Consider me one who wasn't surprised when Phil Knight University (formerly known as the University of Oregon) quarterback Jeremiah Masoli got sacked after yet another run in with the law. Consider me even more shocked that the University's athletic department didn't try to strike a deal to get him back on the field at some point in his career. For once, the University acted properly in the case of an athletic miscreant.
Masoli blew, as so many sportswriters have written, a great opportunity. Yet not all was right as the Oregonian's John Canzano noted that after Masoli won a few games, he transformed from a seemingly decent kid into, "A pompous player who introduced himself in social situations with, 'you know, I'm the quarterback."
Given the attention lavished on Masoli and the almost unwritten rule that he could get away with anything and still play, no wonder he got a big head and truly believed he was untouchable. In his defense, he was the victim of a bad system.
A system that touches all major college football programs. For example, take Oregon State turning a blind eye to all sorts of football player transgressions this past spring. One of the most glaring was the offering of a scholarship to a young quarterback with a record of alcohol abuse and alcohol-related problems.
Sure enough, said quarterback got caught recklessly piloting a houseboat on Lake Shasta and was immediately booted from the OSU football program. Props to coach Mike Reilly for his quick and just decision.
Yet how's this for irony? Both the booted OSU quarterback and Masoli can still play somewhere else and probably will as big time university football programs really don't seem to care, in general, much about personal character.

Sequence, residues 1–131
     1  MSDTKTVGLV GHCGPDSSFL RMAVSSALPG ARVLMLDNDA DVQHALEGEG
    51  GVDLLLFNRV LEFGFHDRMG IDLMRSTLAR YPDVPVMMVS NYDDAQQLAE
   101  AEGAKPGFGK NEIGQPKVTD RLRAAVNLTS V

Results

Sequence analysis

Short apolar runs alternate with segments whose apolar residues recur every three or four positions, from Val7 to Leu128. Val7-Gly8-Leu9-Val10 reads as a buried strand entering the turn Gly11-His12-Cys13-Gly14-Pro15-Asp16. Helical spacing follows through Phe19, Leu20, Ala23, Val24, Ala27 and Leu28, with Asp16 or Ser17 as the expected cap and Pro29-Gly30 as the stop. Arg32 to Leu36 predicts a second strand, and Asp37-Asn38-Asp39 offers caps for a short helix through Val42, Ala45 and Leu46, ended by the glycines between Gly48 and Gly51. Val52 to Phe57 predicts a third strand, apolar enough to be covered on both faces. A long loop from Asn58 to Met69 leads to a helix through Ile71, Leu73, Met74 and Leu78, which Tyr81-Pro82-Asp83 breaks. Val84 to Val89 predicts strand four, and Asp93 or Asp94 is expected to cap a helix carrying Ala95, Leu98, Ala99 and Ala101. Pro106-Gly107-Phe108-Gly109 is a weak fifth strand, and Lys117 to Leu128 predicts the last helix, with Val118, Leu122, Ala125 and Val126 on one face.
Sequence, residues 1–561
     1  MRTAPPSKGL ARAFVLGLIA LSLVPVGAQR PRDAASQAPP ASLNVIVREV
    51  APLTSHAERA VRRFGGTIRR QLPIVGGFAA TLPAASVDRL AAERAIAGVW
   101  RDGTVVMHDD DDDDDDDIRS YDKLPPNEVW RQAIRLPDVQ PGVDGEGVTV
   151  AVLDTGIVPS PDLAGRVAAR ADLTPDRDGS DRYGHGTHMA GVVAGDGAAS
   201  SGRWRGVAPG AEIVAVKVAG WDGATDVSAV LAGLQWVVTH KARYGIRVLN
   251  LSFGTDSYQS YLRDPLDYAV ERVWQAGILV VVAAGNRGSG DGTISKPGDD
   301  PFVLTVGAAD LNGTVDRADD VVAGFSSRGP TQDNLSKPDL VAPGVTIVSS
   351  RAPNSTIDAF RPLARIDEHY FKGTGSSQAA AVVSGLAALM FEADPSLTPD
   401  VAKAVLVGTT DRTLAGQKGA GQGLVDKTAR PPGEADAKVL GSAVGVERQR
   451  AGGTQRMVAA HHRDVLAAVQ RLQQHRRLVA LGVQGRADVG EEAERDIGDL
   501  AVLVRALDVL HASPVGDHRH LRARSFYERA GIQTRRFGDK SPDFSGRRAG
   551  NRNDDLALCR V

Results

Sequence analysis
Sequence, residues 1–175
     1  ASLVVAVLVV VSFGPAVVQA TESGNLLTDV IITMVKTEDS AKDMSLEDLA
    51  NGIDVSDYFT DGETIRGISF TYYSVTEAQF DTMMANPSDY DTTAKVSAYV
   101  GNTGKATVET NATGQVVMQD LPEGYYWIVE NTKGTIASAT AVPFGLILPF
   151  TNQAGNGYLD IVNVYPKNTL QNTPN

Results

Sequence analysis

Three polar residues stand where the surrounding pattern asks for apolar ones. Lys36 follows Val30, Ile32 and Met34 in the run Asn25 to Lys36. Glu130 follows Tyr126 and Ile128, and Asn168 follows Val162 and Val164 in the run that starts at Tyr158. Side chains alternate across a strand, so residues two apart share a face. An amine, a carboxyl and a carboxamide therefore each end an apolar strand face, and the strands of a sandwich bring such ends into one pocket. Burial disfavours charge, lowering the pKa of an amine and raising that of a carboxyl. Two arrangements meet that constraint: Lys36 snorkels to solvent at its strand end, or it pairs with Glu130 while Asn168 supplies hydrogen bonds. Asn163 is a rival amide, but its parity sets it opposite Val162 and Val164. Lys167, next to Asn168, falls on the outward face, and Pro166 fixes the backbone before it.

To the big time college football programs, it's all about winning. Winning at any cost.
Meanwhile down at USC (aka the only professional football program in Los Angeles) the prevailing attitude of getting away with anything got shot down this week as the University's football program lost thirty football scholarships, a national championship season that will be voided as well as Reggie Bush losing his Heisman Trophy.
So who cares? I suspect the alums of all three universities mentioned above care a great deal. They want a winner on the field so they can crow to friends on at work on Monday morning how,"we won." No you didn't win, your hired hands won.
Getting quasi personal empowerment via the old school's football team winning has been around since Harvard first played Yale back in the dark ages. It won't change.
I attended a college whose football program was, and I suspect still is, more like a step above decent high school football. We went to the games knowing that not one player on the field was on an athletic scholarship. A few players might be on academic scholarships.
The games were fun without a lot of breast beating by alums. The school's player graduation rate was in the ninetieth percentile and most of the ex-footballers went on to have careers in finance, education, law, medicine, the military, etc.
There were two exceptions. One player during my time wasdrafted by the Chicago Bears. He made the team and for a moment held the NFL scoring record for five field goals in one game.
The other (a fraternity brother) washed out in Chicago but played in Canada's CFL. After he'd saved enough money, he quit football and went back to school to get his masters and then a PHD in education.I always admired him and still admire all the young athletes who play college football for fun and don't get inflated egos and a false sense of entitlement only to find, as is true in so many of their cases, that the realities of life after football can be pretty harsh.